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date: 09 August 2022

East Lynne 

The Oxford Companion to English Literature
Dinah BirchDinah Birch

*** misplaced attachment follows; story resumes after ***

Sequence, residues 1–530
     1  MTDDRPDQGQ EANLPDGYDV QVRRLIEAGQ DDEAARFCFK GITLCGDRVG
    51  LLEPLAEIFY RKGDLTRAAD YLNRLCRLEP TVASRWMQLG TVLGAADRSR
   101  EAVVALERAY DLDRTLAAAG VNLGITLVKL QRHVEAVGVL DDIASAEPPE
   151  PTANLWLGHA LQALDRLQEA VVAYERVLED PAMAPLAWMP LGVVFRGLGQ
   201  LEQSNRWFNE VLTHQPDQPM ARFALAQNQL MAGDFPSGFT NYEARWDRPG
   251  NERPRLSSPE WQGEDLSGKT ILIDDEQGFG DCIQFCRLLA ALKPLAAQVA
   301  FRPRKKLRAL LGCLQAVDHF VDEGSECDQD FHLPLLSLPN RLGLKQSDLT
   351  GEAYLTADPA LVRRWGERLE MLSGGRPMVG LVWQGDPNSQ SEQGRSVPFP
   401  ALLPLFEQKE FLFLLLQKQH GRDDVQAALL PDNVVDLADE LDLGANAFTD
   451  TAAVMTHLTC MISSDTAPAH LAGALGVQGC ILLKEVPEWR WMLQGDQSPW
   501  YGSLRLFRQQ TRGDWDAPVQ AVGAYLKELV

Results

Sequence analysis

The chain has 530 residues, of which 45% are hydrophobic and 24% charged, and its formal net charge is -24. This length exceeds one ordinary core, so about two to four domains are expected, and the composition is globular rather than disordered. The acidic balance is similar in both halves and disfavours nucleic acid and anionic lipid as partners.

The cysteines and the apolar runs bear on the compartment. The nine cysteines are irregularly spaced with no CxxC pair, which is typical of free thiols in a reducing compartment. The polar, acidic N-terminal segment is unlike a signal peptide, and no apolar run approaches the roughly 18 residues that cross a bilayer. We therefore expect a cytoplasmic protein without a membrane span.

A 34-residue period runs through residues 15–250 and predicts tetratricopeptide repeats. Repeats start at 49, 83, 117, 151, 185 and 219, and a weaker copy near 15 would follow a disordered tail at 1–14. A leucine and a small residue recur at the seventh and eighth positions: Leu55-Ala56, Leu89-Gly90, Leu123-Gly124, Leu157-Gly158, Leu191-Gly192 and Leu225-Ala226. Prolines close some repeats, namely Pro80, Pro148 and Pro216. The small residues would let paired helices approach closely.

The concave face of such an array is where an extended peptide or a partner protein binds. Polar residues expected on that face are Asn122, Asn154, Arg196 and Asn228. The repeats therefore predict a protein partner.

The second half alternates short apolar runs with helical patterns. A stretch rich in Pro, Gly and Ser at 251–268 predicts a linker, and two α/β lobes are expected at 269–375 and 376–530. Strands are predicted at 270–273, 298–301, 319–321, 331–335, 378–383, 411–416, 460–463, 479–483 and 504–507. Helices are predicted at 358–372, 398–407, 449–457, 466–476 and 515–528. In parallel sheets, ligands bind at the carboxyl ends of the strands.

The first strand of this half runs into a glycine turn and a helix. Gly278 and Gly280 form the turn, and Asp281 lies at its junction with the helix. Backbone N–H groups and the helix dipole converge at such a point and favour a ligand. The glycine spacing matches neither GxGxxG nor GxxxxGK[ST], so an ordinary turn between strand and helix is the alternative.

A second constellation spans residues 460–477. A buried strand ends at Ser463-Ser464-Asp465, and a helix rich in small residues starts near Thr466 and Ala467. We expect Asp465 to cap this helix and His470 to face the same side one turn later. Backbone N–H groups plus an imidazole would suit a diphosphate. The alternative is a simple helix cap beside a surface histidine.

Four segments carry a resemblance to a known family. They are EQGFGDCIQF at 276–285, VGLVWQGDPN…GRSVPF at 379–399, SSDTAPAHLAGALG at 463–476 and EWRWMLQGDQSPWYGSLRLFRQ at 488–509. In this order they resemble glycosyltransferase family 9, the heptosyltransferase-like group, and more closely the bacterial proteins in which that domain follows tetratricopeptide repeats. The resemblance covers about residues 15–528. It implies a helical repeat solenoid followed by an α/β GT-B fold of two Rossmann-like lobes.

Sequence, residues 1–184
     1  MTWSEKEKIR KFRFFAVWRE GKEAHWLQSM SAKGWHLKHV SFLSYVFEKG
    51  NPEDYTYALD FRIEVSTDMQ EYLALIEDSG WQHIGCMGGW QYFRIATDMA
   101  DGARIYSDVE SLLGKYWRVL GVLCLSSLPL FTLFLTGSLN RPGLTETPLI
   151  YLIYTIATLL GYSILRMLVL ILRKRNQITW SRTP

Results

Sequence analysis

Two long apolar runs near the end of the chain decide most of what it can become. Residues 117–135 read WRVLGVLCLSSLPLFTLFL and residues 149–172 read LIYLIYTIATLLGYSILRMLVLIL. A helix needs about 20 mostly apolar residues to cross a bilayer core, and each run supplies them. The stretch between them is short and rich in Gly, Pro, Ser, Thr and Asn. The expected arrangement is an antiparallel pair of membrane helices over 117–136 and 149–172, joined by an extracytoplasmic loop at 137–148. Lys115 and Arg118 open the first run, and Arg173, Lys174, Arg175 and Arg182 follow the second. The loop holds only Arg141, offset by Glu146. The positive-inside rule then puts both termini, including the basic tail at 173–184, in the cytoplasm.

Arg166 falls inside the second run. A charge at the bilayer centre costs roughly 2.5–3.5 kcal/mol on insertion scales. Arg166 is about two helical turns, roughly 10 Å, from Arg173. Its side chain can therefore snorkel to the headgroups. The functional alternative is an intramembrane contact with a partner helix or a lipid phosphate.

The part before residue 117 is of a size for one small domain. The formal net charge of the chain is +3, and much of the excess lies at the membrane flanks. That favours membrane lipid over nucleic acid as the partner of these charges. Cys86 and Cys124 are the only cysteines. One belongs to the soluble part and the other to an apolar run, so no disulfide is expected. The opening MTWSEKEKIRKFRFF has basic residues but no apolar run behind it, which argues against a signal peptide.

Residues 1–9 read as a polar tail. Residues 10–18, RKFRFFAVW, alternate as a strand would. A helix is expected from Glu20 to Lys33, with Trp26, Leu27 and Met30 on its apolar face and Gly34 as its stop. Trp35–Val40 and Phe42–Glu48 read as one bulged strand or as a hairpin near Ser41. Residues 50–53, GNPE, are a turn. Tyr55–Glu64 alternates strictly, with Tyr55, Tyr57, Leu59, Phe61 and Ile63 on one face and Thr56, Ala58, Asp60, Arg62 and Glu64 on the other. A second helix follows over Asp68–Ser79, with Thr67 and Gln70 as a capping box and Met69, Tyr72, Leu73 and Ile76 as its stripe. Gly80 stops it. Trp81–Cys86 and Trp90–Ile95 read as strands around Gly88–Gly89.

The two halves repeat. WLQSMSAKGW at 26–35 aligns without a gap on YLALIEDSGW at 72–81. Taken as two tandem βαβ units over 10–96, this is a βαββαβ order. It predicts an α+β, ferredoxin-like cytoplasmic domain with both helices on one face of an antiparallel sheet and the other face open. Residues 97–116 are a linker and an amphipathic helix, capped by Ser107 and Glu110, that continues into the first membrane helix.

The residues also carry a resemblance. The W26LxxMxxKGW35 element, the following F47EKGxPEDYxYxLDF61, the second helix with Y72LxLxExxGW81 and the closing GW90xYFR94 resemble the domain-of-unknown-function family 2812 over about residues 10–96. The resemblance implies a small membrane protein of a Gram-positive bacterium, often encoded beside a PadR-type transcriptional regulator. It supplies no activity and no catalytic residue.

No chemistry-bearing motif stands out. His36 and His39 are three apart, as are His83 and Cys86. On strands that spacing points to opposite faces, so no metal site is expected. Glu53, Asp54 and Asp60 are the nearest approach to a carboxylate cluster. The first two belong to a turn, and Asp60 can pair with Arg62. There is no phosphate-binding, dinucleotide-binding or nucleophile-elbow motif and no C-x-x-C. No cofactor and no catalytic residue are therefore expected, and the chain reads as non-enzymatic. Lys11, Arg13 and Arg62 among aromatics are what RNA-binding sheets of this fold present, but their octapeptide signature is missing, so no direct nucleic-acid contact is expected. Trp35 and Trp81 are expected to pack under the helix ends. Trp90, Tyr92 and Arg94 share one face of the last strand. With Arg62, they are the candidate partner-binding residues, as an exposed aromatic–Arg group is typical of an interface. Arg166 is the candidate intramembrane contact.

A *sensation novel by Ellen *Wood (Mrs Henry Wood), published 1861. It tells the story of Isabel Vane, a refined lady who, finding herself unprotected in the world, marries Archibald Carlyle, a rising lawyer. Her marriage is unsatisfying, and she imagines that her husband loves a neighbour, Barbara Hare. In a moment of undisciplined passion, she runs away with Sir Francis Levison, an unscrupulous seducer, who abandons her and the child born from their illegitimate union. Having divorced Isabel, and mistakenly assumed her to have been killed in a railway accident, Archibald marries Barbara. Isabel, rendered unrecognizable by disfigurement resulting from the accident, returns to the household to act as a governess to her own children, to watch helplessly as her delicate son dies. Worn down by remorse and sorrow, she too dies, after being recognized and forgiven by her worthy but ponderous husband. The novel was a phenomenal best‐seller, and was rapidly adapted for the popular stage, where it persisted for many years as staple of the repertoire (the line ‘Dead! Dead! And never called me mother!’ belongs to a stage version, not the novel). More recently, it has attracted notice for its analysis of changing social conditions, and for the ambivalence of its treatment of Isabel, who is the object of both vigorous condemnation and heartfelt sympathy from the narrator.... ...

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